PHNOM PENH — The International Monetary Fund (IMF) predicted that Cambodia’s Gross Domestic Product (GDP) growth would reach 6.5 percent this year, according to the IMF’s press release on Tuesday. The prediction is based on the buoyant garments exports, increasing tourist arrivals, and a gradually improving real estate sector as well as increasing agricultural sector, said the press release. However, it said that the fragility of the global recovery exposed Cambodia’s narrow export base to significant downside risks. “Cambodia is highly sensitive to economic activity in the U.S. and Europe, which account for about two thirds of its total exports and the bulk of high-end tourist arrivals,” it said, adding “any immediate financial spillovers, however, would likely be limited and mostly indirect.” The IMF’s forecast was the same as the recent predictions by the government of Cambodia, the World Bank and the Asian Development Bank. The IMF said that the country’s inflation rate was 5.75 percent in 2011, driven by higher food and fuel prices, and is expected to ease only gradually in 2012, in part reflecting a moderation in global commodity prices.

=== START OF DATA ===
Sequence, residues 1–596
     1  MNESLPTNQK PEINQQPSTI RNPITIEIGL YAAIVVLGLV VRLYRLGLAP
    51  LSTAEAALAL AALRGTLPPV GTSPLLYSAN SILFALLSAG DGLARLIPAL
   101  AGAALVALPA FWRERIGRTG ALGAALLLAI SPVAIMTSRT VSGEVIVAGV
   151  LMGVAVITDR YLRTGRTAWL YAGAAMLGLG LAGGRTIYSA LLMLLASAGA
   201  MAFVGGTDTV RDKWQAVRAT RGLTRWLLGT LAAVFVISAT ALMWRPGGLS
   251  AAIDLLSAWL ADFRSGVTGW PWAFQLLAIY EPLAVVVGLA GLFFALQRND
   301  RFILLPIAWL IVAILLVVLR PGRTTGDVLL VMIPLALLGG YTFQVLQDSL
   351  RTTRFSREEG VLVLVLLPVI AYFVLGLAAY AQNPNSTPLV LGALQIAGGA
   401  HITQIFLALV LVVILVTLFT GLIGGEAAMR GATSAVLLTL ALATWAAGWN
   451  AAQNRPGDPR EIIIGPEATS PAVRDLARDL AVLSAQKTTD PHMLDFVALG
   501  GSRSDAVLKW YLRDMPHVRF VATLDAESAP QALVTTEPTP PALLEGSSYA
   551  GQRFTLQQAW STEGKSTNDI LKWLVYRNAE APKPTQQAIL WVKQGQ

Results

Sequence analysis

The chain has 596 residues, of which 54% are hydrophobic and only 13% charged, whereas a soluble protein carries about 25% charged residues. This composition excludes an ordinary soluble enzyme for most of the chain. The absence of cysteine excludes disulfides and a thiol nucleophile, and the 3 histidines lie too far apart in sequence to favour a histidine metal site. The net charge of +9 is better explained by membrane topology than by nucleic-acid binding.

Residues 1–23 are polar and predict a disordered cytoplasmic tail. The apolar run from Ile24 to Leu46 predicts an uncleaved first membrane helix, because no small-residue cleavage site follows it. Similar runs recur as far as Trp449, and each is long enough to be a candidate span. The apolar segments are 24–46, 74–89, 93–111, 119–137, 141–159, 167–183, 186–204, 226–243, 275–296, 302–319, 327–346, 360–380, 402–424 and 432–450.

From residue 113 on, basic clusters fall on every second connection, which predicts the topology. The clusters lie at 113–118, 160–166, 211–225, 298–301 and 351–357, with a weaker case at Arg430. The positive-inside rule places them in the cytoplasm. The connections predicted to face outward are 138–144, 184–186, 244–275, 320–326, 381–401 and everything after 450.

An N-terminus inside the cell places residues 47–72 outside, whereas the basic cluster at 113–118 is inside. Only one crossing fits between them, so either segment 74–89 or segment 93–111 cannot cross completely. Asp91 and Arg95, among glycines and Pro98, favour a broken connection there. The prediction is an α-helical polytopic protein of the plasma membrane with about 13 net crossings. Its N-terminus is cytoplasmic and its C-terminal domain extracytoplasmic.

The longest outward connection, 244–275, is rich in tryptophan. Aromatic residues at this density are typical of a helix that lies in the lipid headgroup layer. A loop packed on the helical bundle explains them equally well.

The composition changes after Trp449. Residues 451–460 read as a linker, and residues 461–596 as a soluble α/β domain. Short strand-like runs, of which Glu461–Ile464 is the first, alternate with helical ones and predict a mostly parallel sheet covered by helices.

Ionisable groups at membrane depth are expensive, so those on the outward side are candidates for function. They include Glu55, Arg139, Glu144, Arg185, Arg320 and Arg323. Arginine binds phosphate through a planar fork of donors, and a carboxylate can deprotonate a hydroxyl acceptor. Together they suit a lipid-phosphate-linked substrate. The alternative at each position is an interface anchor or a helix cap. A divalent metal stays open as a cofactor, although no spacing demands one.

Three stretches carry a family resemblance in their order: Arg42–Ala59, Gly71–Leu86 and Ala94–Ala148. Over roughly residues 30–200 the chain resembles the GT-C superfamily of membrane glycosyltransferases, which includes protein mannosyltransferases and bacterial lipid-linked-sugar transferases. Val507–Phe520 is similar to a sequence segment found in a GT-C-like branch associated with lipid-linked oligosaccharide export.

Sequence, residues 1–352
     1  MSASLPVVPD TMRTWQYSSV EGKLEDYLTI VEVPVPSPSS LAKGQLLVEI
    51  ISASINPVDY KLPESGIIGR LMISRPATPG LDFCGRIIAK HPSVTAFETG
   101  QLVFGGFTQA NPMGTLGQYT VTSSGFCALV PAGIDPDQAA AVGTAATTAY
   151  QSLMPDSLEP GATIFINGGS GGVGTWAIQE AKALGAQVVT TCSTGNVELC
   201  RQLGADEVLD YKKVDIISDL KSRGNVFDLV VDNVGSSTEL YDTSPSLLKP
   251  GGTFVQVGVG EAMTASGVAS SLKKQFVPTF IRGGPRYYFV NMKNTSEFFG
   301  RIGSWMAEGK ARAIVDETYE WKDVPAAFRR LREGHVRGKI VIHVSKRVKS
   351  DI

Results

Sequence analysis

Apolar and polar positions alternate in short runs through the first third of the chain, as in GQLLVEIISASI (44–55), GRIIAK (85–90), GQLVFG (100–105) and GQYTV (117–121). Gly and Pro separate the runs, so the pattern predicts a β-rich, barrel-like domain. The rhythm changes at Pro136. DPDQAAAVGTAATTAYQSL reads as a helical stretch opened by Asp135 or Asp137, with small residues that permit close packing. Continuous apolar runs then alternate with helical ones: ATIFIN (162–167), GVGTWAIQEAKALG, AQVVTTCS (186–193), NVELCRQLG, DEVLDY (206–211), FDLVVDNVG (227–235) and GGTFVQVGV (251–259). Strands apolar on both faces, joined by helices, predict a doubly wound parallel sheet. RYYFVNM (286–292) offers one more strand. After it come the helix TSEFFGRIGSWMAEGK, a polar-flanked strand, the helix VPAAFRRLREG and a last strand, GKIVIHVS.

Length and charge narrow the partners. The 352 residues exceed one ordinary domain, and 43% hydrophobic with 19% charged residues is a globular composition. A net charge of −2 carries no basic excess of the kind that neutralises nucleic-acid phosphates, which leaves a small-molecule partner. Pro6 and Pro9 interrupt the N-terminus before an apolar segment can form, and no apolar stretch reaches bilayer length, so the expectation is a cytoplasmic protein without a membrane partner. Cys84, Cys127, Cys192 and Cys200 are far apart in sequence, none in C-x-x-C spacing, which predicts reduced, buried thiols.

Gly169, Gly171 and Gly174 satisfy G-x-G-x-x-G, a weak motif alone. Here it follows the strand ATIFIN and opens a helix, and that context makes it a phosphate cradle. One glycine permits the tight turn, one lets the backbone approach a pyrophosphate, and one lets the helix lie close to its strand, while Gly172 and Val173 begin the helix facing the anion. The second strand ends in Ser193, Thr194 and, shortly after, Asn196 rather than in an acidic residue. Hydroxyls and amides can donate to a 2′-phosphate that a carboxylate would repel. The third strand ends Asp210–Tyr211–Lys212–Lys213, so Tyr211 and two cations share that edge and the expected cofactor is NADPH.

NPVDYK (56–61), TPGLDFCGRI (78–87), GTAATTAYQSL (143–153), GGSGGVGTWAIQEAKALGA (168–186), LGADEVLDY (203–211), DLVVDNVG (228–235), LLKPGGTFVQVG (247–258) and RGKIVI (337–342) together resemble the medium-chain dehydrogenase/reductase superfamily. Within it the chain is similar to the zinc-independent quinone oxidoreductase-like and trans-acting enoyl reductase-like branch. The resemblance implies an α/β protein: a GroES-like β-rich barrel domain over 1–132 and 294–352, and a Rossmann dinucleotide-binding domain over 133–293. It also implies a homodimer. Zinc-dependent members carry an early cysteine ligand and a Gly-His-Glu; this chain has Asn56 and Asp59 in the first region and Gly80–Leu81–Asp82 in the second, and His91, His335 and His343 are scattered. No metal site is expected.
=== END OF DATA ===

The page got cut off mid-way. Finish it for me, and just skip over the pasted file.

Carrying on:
Cambodia’s Prime Minister Hun Sen said on Monday that the country’s GDP in 2011 was 7 percent, or US$13 billion.